States Have Taken Control of Their Education Standards. So Why Do Some Critics Still Insist Common Core Is the Work of the Federal Gov’t?
In an opinion piece published by the Daily Caller, Jane Robbins and Emmett McGroarty of the American Principles Project claim passage of the Every Student Succeeds Act will test whether state leaders will “fight on the behalf of citizenry, or whether they [will] spiral into disrepute.” Common Core State Standards, the authors argue, are “demonstrably and fatally defective,” and states continue with implementation only because state leaders have fallen victim to “the political gadfly class” and “crony ‘capitalists.’”
Common Core State Standards are hardly of “defective quality,” as Robbins and McGroarty suggest. Independent analysis by the conservative-leaning Fordham Institute concluded in 2010 that the Common Core State Standards are “clearer and more rigorous” than most states’ previous academic expectations. A 2012 study by Michigan State University professor William Schmidt finds the Common Core is 90 percent aligned with standards used by top-performing countries. Even Dr. James Milgram—who Robbins and McGroarty cite heavily—declared: “The reality is that [Common Core State Standards] are better than 85 or 90 percent of the state standards they replaced. Not a little better. A lot better.”
Robbins and McGroarty indicate the recent approval of the Every Student Succeeds Act will reinvigorate backlash against the Common Core, even though states have weighed the evidence and overwhelmingly are moving forward with implementation. In a recent memo, Karen Nussle notes: “[The ESSA] forever ends what has long been an Achilles Heel of Common Core: federal entanglement through Race to the Top and secretarial waivers in state decisions surrounding the adoption of standards and the selection of aligned assessments.”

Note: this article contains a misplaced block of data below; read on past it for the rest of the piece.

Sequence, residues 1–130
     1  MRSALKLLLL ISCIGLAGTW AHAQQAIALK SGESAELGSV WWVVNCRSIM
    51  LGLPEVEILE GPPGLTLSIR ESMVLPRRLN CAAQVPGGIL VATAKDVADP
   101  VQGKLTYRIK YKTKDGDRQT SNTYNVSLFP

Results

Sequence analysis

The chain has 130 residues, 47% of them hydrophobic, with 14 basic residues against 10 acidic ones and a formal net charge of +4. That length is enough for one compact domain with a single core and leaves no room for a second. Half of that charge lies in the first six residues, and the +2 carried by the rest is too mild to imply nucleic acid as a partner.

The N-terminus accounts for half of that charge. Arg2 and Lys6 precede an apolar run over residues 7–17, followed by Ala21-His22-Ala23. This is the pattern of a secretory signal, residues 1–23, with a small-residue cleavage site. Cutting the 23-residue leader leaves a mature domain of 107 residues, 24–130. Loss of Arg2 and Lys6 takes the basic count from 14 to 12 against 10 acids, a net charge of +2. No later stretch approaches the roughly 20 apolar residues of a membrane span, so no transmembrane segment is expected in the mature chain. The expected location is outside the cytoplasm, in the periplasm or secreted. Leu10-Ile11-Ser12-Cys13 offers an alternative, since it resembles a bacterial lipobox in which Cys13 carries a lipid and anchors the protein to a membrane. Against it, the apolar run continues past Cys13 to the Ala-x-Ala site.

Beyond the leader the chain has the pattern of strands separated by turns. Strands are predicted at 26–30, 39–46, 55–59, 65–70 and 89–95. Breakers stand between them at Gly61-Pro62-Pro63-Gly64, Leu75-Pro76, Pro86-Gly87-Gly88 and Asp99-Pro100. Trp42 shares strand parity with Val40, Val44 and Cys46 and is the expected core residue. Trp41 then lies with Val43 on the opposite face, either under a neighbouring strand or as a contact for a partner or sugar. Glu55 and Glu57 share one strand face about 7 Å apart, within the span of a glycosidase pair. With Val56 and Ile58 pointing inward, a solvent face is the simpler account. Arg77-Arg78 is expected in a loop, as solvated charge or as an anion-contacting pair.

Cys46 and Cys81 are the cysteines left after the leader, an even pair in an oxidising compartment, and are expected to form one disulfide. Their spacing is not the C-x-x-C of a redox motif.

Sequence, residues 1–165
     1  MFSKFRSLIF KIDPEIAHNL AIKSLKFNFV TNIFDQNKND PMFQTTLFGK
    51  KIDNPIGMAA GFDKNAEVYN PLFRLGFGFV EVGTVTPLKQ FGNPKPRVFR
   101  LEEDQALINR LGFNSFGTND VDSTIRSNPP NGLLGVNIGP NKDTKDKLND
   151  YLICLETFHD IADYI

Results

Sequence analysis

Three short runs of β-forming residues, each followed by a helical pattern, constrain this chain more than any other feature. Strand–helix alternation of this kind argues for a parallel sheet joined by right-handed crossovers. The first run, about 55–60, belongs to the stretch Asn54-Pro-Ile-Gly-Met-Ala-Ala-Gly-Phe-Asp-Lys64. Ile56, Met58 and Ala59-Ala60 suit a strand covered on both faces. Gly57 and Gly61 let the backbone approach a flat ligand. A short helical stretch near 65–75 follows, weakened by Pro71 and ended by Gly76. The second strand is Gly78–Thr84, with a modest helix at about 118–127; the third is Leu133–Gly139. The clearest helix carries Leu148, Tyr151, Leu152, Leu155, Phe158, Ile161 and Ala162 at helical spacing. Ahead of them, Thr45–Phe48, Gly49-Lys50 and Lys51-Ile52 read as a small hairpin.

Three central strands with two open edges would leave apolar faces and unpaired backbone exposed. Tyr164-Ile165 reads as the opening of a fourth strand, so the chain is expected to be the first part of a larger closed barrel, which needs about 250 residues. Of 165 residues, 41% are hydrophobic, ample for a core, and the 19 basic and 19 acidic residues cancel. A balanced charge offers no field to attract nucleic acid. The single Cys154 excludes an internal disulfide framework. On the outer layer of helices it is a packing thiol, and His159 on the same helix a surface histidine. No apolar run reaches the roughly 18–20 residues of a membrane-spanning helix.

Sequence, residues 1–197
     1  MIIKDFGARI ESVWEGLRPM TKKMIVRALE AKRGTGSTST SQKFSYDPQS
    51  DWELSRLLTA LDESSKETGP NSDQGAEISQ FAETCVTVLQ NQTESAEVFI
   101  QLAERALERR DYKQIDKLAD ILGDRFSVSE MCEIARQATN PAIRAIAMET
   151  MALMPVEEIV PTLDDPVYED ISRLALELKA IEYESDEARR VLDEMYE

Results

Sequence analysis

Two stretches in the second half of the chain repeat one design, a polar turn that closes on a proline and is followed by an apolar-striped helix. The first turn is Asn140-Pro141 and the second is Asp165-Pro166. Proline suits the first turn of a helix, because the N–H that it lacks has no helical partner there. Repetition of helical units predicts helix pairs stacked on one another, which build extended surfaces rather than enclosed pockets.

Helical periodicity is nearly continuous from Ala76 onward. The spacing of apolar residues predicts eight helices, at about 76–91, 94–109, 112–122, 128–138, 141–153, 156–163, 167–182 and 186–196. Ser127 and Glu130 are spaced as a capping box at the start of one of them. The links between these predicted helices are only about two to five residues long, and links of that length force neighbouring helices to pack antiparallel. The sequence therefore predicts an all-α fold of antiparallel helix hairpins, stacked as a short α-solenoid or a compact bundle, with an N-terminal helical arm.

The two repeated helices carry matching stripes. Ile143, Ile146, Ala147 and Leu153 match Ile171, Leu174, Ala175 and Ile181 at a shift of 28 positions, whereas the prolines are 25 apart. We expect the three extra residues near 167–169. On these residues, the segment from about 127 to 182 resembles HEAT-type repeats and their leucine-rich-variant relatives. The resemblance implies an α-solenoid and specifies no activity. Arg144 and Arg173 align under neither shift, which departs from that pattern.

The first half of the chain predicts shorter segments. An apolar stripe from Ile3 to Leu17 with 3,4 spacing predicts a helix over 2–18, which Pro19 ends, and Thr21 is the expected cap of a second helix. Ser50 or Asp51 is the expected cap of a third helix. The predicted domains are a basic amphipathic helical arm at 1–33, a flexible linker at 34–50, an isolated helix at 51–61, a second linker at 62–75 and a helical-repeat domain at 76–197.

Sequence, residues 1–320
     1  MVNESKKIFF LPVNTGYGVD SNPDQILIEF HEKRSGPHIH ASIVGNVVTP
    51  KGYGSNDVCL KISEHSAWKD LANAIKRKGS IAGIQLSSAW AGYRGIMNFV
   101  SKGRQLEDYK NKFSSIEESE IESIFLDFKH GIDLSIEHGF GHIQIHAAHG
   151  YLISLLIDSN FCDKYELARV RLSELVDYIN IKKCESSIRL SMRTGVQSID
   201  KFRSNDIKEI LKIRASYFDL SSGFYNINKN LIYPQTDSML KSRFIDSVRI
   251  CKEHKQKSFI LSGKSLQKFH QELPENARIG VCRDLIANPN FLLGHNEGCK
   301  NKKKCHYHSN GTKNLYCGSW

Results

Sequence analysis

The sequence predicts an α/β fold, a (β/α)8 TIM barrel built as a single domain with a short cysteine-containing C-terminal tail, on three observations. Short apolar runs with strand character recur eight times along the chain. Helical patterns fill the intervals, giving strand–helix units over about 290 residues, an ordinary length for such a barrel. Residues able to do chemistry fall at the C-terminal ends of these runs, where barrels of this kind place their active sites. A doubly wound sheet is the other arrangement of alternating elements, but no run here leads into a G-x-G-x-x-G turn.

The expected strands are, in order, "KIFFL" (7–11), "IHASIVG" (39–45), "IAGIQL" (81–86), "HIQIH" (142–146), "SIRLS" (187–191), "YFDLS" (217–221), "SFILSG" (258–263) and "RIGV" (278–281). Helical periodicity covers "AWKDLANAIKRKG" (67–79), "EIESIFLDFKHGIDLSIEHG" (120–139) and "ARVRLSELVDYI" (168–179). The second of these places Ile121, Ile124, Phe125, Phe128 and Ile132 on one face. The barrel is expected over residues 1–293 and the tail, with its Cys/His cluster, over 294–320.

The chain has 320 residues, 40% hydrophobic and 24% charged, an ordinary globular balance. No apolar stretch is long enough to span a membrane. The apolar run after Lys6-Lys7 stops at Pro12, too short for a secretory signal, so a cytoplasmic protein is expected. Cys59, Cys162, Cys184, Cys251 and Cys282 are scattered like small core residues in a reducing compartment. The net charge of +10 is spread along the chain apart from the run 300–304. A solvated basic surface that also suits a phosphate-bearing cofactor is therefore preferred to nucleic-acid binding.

Congressman John Kline, chairman of the House education committee, calls the ESSA a “huge win for conservatives.” When asked if the legislation will put to rest concerns about federal involvement in Common Core, Rep. Kline added: “That is exactly correct. The federal government should not be able to tell states what standards they can or cannot adopt. If states want to use Common Core, it is not the place of the federal government to tell them they cannot do that.”
Whether critics choose to accept it or not, states have weighed the evidence and are moving forward with the Common Core. And this year most states passed a critical milestone by administering assessments aligned to the standards. As Karen Nussle wrote last year, “Based on how resilient the Common Core State Standards have proven to be…we’re unlikely to see any kind of mass movement away from this critically important initiative.”